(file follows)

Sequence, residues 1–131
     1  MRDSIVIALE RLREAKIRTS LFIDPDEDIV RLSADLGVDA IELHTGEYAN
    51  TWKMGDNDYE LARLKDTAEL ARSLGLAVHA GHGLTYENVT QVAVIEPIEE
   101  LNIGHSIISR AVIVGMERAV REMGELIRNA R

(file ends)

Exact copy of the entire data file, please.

Sequence, residues 1–131
     1  MRDSIVIALE RLREAKIRTS LFIDPDEDIV RLSADLGVDA IELHTGEYAN
    51  TWKMGDNDYE LARLKDTAEL ARSLGLAVHA GHGLTYENVT QVAVIEPIEE
   101  LNIGHSIISR AVIVGMERAV REMGELIRNA R